With COVID-19, scammers quickly launched opportunistic websites. People reported online shops claiming to sell the things they desperately needed but could not get. By the week of April 5, reports of unreceived merchandise were almost on par with previous peak numbers from the December 2019 holiday shopping season.2 In the following weeks, as people scoured the internet for scarce items, reports of unreceived orders continued to climb. Reports in May were nearly double the December 2019 numbers.3 Of course, many sellers have had legitimate supply chain problems, but these reports are about no-show orders, not just shipping delays.
People reported unreceived orders of facemasks in April and May far more often than any other item, and undelivered sanitizer, toilet paper, thermometers, and gloves were also reported.4 But that’s not the whole story. Reports show that scammers shirked their promises to shoppers on everything from clothes to electronics – and even puppies, which people had bought online. Scammers often used pandemic-related pretexts for supposed shipping delays, sometimes – in the puppy scam – even charging extra fees for COVID-related “regulations.” Then they just stopped responding. This stalled people who might otherwise have posted negative reviews.
Reports show that scammers have honed their ability to put up remarkably polished looking websites in recent years. They’ve learned to work social media and online advertising to their advantage, and to peel off negative reviews by simply disappearing and popping back up under a new name. This is a global problem, since the web gives scammers cheap access to consumers worldwide.5
While pandemic purchases have fueled record numbers, reports about online shopping were common even before the pandemic. People reported losing nearly $420 million dollars since 2015,6 and the numbers have been on the rise for years. The FTC took in more than 86,000 online shopping reports in 2019, which is a 38% increase over 2018, and the largest annual increase in recent years.7 Most troubling is the rise in the number of people who report that they simply did not get the items they ordered. That number increased more than fourfold from 2015 to 2019.8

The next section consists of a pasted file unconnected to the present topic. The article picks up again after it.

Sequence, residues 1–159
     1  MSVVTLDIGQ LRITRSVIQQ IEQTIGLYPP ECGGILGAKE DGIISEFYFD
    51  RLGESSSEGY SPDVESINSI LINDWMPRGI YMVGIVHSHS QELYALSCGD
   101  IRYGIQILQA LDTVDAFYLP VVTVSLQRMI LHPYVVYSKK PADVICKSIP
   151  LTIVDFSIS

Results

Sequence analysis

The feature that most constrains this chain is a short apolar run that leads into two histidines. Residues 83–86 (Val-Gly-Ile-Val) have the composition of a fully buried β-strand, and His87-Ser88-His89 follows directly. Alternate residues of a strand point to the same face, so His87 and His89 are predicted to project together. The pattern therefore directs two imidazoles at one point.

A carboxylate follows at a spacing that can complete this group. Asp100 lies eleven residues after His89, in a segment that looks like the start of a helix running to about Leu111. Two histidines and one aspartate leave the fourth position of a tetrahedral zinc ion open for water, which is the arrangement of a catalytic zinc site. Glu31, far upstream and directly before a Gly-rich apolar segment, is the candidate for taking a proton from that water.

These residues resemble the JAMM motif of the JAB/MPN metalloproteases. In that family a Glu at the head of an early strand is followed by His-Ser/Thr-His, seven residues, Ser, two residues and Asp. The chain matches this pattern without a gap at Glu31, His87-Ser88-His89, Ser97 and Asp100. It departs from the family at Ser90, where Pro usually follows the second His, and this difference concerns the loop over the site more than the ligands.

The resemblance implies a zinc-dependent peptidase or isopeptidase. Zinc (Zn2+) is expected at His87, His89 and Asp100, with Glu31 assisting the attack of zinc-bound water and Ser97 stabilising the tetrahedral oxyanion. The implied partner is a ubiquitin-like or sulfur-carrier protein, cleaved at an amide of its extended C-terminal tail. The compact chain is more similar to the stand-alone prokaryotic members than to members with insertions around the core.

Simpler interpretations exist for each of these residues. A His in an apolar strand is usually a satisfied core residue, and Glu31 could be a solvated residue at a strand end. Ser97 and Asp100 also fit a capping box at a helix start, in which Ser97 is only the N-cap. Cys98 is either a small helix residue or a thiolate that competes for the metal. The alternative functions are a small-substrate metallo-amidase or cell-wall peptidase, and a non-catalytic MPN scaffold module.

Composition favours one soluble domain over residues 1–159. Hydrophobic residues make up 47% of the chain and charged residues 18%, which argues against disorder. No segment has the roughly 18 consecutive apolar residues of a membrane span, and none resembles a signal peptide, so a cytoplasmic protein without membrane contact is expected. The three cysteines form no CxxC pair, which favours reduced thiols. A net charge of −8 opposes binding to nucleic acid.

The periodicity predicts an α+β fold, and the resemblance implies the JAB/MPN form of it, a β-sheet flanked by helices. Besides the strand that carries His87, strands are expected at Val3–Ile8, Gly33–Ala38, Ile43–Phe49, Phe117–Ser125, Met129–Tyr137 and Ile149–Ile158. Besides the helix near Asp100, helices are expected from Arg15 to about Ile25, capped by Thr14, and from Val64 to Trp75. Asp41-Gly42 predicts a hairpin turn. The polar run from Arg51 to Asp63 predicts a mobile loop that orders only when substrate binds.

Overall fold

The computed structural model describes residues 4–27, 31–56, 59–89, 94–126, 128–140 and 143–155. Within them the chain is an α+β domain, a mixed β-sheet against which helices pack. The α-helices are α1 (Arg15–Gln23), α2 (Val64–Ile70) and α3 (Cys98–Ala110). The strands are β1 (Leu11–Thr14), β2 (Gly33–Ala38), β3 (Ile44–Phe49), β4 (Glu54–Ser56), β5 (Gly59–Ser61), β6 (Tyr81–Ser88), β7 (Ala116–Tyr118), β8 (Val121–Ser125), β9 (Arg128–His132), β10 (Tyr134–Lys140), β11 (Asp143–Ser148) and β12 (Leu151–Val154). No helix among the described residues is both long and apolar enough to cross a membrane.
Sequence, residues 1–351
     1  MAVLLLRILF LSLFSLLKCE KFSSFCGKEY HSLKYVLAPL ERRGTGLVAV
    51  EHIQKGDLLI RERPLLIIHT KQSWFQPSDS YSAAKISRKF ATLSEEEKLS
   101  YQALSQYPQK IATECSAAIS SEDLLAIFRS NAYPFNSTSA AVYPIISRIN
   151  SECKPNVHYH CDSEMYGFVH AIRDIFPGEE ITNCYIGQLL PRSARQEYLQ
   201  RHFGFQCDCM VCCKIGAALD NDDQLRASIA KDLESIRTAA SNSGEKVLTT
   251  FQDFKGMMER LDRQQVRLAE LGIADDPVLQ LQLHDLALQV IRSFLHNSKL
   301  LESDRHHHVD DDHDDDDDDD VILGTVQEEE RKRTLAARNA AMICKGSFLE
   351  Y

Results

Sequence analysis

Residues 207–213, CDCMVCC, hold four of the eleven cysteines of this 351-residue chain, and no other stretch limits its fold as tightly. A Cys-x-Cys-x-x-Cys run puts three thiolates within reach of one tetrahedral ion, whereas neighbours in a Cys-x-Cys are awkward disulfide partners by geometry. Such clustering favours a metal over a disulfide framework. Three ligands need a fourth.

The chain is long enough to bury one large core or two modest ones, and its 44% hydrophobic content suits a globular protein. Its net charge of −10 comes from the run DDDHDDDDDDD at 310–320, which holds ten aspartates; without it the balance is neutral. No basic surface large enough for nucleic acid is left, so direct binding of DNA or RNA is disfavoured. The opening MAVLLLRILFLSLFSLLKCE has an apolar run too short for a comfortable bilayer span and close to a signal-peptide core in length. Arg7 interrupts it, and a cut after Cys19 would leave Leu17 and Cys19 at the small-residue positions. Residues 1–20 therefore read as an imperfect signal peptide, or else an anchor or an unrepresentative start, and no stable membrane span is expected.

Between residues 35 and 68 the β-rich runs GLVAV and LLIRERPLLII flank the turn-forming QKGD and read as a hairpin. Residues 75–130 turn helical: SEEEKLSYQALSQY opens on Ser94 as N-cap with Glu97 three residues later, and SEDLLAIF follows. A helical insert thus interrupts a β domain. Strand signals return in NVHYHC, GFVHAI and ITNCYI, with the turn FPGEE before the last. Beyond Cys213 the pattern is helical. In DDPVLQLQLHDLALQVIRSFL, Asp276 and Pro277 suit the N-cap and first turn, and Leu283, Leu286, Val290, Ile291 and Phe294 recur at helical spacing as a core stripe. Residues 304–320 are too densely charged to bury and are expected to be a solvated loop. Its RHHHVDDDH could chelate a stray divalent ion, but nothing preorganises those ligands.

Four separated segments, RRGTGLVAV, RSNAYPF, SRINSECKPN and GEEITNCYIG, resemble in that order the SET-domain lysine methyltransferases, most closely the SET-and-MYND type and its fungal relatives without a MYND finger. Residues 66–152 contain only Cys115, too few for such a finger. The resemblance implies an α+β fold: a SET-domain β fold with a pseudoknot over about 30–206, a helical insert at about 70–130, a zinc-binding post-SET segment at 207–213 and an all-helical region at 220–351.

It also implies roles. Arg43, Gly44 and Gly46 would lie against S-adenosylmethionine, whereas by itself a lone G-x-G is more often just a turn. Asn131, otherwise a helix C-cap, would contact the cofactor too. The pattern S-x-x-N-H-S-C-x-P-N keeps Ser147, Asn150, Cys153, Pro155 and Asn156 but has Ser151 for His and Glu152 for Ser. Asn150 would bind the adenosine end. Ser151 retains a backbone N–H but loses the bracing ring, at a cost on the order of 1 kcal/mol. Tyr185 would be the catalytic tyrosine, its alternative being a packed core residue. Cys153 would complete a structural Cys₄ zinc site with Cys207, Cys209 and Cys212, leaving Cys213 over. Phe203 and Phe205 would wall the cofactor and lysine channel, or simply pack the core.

There is some good news. Credit cards are the top way people reported paying for their online shopping, including unreceived orders. What’s good about this is that people can dispute credit card charges if they don’t get what they paid for.
Here are some tips to avoid being left empty-handed when you shop online:
- Check out the company by typing its name in a search engine with words like or “scam” or “complaint.”
- Confirm the seller’s physical address and phone number.
- Watch out for unfamiliar sites selling products that are in short supply or name brand goods at steep discounts.
- Pay with a credit card, and contact your credit card company to dispute the charges if a seller doesn’t deliver your goods or they are not as promised.
To learn more about Coronavirus-related scams, visit ftc.gov/coronavirus/scams. For more about online shopping, including how to dispute credit card charges, go to ftc.gov/onlineshopping. And if you spot a scam, report it to the FTC at ftc.gov/complaint.